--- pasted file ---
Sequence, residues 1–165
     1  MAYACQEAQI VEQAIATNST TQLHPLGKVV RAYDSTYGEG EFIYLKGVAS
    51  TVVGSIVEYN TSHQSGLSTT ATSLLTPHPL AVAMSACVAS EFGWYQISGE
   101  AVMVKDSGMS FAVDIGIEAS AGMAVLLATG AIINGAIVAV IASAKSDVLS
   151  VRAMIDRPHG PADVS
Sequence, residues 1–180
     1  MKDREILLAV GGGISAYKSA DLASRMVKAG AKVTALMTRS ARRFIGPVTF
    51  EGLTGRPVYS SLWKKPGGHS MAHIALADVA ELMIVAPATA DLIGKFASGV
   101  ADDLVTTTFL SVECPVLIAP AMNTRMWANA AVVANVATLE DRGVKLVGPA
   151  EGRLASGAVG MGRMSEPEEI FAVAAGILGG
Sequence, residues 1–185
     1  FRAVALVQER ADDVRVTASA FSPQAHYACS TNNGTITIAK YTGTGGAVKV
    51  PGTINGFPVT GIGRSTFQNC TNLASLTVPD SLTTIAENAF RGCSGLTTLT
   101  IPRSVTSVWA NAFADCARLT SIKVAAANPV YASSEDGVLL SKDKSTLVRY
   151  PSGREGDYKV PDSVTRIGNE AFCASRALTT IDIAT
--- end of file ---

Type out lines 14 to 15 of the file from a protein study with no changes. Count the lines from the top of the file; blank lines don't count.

   101  IPRSVTSVWA NAFADCARLT SIKVAAANPV YASSEDGVLL SKDKSTLVRY
   151  PSGREGDYKV PDSVTRIGNE AFCASRALTT IDIAT